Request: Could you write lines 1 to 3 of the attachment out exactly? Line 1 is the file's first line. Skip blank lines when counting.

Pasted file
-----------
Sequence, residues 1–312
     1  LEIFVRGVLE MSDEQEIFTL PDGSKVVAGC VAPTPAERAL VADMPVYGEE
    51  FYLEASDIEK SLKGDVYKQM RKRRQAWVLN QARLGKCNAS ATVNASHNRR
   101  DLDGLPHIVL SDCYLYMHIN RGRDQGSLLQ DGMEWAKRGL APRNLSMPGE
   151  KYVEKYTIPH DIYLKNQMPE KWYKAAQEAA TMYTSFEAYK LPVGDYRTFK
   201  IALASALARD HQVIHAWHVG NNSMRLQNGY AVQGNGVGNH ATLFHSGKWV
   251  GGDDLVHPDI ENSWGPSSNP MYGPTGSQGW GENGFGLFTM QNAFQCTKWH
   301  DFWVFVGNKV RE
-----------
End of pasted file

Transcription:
Sequence, residues 1–312
     1  LEIFVRGVLE MSDEQEIFTL PDGSKVVAGC VAPTPAERAL VADMPVYGEE
    51  FYLEASDIEK SLKGDVYKQM RKRRQAWVLN QARLGKCNAS ATVNASHNRR